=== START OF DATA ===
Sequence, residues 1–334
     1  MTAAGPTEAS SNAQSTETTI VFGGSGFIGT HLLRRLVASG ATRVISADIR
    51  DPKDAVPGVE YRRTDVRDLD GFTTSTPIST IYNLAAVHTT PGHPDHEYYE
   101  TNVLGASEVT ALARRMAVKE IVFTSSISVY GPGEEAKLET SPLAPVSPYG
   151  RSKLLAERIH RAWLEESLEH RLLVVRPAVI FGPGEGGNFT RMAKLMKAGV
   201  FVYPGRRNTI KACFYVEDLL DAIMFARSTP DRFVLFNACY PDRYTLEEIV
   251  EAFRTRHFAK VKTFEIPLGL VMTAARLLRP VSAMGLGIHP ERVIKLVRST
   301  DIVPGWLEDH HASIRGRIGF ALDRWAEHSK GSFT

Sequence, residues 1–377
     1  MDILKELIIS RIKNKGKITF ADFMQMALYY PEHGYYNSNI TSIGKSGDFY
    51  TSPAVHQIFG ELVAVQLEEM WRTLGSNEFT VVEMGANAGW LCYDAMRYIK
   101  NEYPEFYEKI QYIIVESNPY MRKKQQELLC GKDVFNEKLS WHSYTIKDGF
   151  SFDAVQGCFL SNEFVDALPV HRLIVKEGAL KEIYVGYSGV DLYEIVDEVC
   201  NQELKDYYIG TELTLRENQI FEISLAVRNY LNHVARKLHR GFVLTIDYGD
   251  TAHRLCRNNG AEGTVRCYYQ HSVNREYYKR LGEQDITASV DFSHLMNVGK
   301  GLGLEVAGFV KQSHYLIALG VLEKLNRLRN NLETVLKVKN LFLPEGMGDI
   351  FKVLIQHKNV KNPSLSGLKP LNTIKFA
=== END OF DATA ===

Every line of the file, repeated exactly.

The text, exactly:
Sequence, residues 1–334
     1  MTAAGPTEAS SNAQSTETTI VFGGSGFIGT HLLRRLVASG ATRVISADIR
    51  DPKDAVPGVE YRRTDVRDLD GFTTSTPIST IYNLAAVHTT PGHPDHEYYE
   101  TNVLGASEVT ALARRMAVKE IVFTSSISVY GPGEEAKLET SPLAPVSPYG
   151  RSKLLAERIH RAWLEESLEH RLLVVRPAVI FGPGEGGNFT RMAKLMKAGV
   201  FVYPGRRNTI KACFYVEDLL DAIMFARSTP DRFVLFNACY PDRYTLEEIV
   251  EAFRTRHFAK VKTFEIPLGL VMTAARLLRP VSAMGLGIHP ERVIKLVRST
   301  DIVPGWLEDH HASIRGRIGF ALDRWAEHSK GSFT

Sequence, residues 1–377
     1  MDILKELIIS RIKNKGKITF ADFMQMALYY PEHGYYNSNI TSIGKSGDFY
    51  TSPAVHQIFG ELVAVQLEEM WRTLGSNEFT VVEMGANAGW LCYDAMRYIK
   101  NEYPEFYEKI QYIIVESNPY MRKKQQELLC GKDVFNEKLS WHSYTIKDGF
   151  SFDAVQGCFL SNEFVDALPV HRLIVKEGAL KEIYVGYSGV DLYEIVDEVC
   201  NQELKDYYIG TELTLRENQI FEISLAVRNY LNHVARKLHR GFVLTIDYGD
   251  TAHRLCRNNG AEGTVRCYYQ HSVNREYYKR LGEQDITASV DFSHLMNVGK
   301  GLGLEVAGFV KQSHYLIALG VLEKLNRLRN NLETVLKVKN LFLPEGMGDI
   351  FKVLIQHKNV KNPSLSGLKP LNTIKFA